Early NHL struggles can lead to changes
Sunday, 24 August 2008
Originally published in Eishockey News in 2007
By Lucas Aykroyd
Life would be so much simpler for NHL coaches if every team won all its home games in overtime. In fact, it’s hard to imagine any other scenario where all coaches could succeed in keeping their jobs. However, the fans would probably start to get suspicious soon.
Since teams do end up with losing records, coaches end up getting fired, and it doesn’t take long in this league. After Atlanta suffered six straight losses to open the season, GM Don Waddell decided enough was enough. On October 17, he fired Bob Hartley, who won a Stanley Cup with Colorado in 2001 and had stood behind Atlanta’s bench since 2003.
Even though the Thrashers responded the next day with their first win of 2007-08, beating the New York Rangers 5-3, questions still surround the club.
Waddell, serving as Atlanta’s interim coach, could soon find his job in jeopardy if his players don’t engineer a rapid rise in the standings. He’s been criticized for dealing first-round picks at last year’s trade deadline to get Keith Tkachuk and Alexei Zhitnik and then getting swept in the opening round. Atlanta has also provided fodder for European-bashers like Hockey Night in Canada commentator Don Cherry, as the struggling Thrashers are the only NHL team with a European captain (Bobby Holik) and four European assistants (Ilya Kovalchuk, Slava Kozlov, Marian Hossa, and Niclas Havelid). More importantly, starting goalie Kari Lehtonen injured his groin versus the Rangers and will remain out indefinitely, which seems unpleasantly similar to the nagging groin injury that kept the Finn to 38 games in 2005-06.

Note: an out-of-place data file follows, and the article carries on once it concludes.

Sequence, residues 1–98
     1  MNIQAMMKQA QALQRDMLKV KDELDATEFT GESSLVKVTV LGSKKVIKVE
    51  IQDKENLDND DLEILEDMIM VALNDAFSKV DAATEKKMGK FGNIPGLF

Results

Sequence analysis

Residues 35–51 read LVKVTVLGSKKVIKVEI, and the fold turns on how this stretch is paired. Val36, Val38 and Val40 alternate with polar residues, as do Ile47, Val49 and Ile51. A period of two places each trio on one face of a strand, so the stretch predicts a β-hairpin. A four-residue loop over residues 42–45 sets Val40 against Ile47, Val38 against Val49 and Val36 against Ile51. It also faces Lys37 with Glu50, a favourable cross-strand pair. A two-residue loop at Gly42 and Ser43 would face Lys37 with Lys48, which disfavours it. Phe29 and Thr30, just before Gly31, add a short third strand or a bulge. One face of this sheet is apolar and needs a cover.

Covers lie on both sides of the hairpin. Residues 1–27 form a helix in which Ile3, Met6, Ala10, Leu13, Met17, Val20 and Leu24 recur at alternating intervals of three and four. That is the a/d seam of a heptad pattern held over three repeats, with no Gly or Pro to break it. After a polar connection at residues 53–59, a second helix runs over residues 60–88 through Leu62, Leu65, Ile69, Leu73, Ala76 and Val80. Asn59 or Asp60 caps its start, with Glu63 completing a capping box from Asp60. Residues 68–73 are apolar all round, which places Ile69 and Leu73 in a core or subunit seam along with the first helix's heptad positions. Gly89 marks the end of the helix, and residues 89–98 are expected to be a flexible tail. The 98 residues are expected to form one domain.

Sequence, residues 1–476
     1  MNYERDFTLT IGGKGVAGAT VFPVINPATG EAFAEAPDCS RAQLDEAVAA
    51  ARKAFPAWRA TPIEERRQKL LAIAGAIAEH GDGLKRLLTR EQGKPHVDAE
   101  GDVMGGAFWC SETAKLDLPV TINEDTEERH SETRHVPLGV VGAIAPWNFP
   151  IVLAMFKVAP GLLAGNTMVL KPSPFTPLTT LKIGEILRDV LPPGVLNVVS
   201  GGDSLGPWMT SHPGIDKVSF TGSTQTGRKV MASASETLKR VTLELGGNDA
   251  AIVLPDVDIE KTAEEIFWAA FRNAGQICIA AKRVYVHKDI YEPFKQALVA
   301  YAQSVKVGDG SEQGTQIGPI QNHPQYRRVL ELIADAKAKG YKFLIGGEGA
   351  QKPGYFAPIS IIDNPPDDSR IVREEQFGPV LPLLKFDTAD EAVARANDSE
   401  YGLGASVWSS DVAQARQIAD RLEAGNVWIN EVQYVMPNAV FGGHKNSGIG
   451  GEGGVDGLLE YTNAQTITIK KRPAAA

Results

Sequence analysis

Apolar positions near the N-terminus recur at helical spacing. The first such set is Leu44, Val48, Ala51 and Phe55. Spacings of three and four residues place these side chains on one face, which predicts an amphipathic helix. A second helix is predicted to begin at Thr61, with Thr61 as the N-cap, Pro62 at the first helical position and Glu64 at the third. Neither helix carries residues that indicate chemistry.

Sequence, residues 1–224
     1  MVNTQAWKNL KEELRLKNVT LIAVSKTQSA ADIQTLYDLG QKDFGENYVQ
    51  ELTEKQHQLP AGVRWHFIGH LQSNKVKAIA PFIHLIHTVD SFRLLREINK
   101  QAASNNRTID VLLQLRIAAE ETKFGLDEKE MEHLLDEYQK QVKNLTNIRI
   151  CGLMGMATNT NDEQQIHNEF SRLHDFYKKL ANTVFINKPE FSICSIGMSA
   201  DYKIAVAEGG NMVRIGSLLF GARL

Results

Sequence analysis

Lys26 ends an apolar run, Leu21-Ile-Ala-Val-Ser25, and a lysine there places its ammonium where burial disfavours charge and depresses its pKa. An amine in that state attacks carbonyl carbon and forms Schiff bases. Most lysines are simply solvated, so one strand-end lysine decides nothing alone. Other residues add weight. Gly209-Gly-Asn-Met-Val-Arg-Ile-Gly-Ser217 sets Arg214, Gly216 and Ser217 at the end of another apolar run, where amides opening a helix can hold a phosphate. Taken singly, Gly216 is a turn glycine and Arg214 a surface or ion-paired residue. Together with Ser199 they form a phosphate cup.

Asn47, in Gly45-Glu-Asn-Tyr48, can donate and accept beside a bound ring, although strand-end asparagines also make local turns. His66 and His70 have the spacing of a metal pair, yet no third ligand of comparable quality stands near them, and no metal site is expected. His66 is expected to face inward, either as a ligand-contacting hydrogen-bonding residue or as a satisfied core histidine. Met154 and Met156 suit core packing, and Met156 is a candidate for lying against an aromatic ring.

Other Eastern Conference teams also have goaltending issues. Most observers expected ex-San Jose Shark Vesa Toskala to take over the starting duties in Toronto from Andrew Raycroft, who won a club record 37 games last year but posted a mediocre 2.99 GAA and .894 save percentage. However, both goalies have been shelled on several occasions.
While Toskala has shown signs of improvement, there are still no easy answers for coach Paul Maurice, who wants an improved overall defensive effort from his group. (Or at least no more own goals like the one Bryan McCabe accidentally scored in overtime versus the Buffalo Sabres on October 15.) The Toronto media is also virtually placing bets on when heavily criticized GM John Ferguson Jr. will lose his job.
After goalie Marc-Andre Fleury started the season shakily, the Pittsburgh Penguins are questioning whether the 22-year-old Quebecker needs a more reliable backup than Dany Sabourin, who won just two games in nine appearances as Roberto Luongo’s 2006-07 understudy in Vancouver. Could bringing in a currently unemployed veteran like Curtis Joseph be the answer?
New Jersey normally has no worries in goal, but this season, three-time Stanley Cup and Vezina Trophy winner Martin Brodeur has looked poor so far. After years of benefiting from the Devils’ patented neutral zone trap and tight coverage in their own end, Brodeur is still adjusting to New Jersey’s more aggressive puck pursuit system under new head coach Brent Sutter, which allows more opposition scoring chances.
In the Western Conference, the biggest “hot spot” so far has been Los Angeles. The Kings, mired near the bottom of the standings, haven’t solidified their netminding. Dan Cloutier is earning $3.1 million in the minors, and the club decided to return promising youngster Jonathan Bernier to the QMJHL’s Lewiston MAINEiacs after four NHL games rather than ruin his confidence.
Coach Marc Crawford hopes Jason LaBarbera, who recorded the AHL’s lowest GAA last season, will be the answer, but the 27-year-old still hasn’t established himself at the top level since playing his first NHL game in 2001. “The opportunity was there all training camp,” said LaBarbera. “I know it’s an opportunity and I’ve been working to take advantage of it.”